On May 12, 2020, Governor Jay Inslee approved several Washington counties to move to Phase 2 of the Four-Phase Plan to reopen the state. With this approval, the Governor has released a set of requirements for different business activities, the implementation of which is required as a condition of being able to open business to the public.
Among those requirements is the obligation for dine-in restaurants and taverns to create a daily log of all customers. That daily log must also be maintained for 30 days, including the telephone number or email of the patron.
Although such a log may prove necessary for health agencies to trace and contact individuals who could have been exposed to COVID-19, collecting such information may expose restaurant owners to potentially severe personal information data breach liability.
Although the State of Washington has yet to enact its own Data Privacy Law (the current version of the proposed Washington Privacy Act (“WPA”) failed to pass out of both houses of the State Legislature last session), there are a few rules that, among others, impose liability on loss of personal information (Chapter 19.255 RCW). For instance, Washington law requires every person or entity that conducts business in Washington to provide notification of any breaches of collected information to individuals whose information was involved in the breach. Additionally, if the person or business retains such personal information on behalf of a third party, it shall inform such third party in the case of a breach.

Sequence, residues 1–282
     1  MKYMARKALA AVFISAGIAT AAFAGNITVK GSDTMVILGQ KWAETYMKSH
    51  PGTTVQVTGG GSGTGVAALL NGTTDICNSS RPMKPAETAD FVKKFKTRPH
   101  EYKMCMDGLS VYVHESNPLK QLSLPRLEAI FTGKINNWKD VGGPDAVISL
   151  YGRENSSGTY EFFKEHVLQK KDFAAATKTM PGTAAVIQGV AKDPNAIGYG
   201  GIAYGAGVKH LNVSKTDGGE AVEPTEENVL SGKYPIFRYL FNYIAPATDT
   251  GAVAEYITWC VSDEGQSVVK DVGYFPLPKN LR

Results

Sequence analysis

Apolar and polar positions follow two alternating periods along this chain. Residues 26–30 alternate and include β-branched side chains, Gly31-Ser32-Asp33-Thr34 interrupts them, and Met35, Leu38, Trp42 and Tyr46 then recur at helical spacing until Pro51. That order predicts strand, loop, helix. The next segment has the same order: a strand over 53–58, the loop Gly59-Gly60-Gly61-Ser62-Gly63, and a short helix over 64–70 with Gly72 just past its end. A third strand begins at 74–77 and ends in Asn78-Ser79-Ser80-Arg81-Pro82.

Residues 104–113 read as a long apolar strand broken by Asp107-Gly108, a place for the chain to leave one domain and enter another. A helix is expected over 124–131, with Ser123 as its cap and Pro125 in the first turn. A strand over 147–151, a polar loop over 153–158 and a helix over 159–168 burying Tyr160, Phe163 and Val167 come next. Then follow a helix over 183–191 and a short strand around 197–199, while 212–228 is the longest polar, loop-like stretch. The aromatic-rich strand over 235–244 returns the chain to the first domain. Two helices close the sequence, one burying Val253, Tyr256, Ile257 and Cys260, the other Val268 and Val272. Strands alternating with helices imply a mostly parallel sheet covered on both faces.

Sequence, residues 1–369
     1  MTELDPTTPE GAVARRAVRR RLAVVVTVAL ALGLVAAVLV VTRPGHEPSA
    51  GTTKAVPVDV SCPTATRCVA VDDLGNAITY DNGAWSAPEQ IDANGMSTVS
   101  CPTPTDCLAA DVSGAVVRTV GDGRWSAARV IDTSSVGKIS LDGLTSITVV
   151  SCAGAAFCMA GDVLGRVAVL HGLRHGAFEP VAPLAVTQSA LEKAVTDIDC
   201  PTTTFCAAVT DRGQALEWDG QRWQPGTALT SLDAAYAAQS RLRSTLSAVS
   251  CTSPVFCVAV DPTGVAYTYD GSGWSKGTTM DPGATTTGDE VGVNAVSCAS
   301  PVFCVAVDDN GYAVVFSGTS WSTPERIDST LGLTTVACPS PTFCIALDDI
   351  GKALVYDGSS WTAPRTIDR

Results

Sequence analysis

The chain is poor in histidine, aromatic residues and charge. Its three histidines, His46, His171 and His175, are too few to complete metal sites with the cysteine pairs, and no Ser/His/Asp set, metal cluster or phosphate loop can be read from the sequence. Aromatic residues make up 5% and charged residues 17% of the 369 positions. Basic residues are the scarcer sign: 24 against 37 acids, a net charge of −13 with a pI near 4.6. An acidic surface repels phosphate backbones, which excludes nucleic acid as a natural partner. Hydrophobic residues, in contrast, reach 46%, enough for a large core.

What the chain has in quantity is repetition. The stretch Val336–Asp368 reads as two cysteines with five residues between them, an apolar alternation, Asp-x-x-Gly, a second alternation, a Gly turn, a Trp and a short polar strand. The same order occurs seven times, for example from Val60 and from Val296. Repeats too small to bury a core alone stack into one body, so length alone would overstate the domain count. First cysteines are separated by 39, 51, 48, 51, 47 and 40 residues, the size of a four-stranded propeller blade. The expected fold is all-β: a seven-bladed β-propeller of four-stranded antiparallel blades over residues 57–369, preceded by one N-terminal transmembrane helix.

In light of these new obligations to collect data, if you conduct a business, you are now required to collect identifying information from your customers – thus making you subject to these data privacy rules. There are, however, several ways to protect this private information from potential breaches. Here are a few suggestions:
- For a more technology-oriented solution, many businesses use encryption or other electronic security measures. This option uses digital firewalls to block potential intruders from accessing sensitive information. It is important to note that, while generally secure, this solution will not prevent the company from being legally liable, if the breaching person obtains the key to unlocking the security measure.
- For a more simple solution, businesses can keep information collected for COVID-19 regulation purposes separate from all other information collected about customers. Washington regulations relating to personal information apply only when the individual’s name is collected in combination with an additional data element, such as an account or credit/debit card number, date of birth, driver’s license or other identifying number. To be useful, this solution will require full separation of data, which will prevent potential data breachers from obtaining both data elements.
Even without the new requirements set under Washington State’s COVID-19 opening plan, there are various data protection principles and obligations that every business owner, online or offline, must comply with. Be sure to seek the advice of a professional legal advisor in order to ensure that you are in compliance with these rules.
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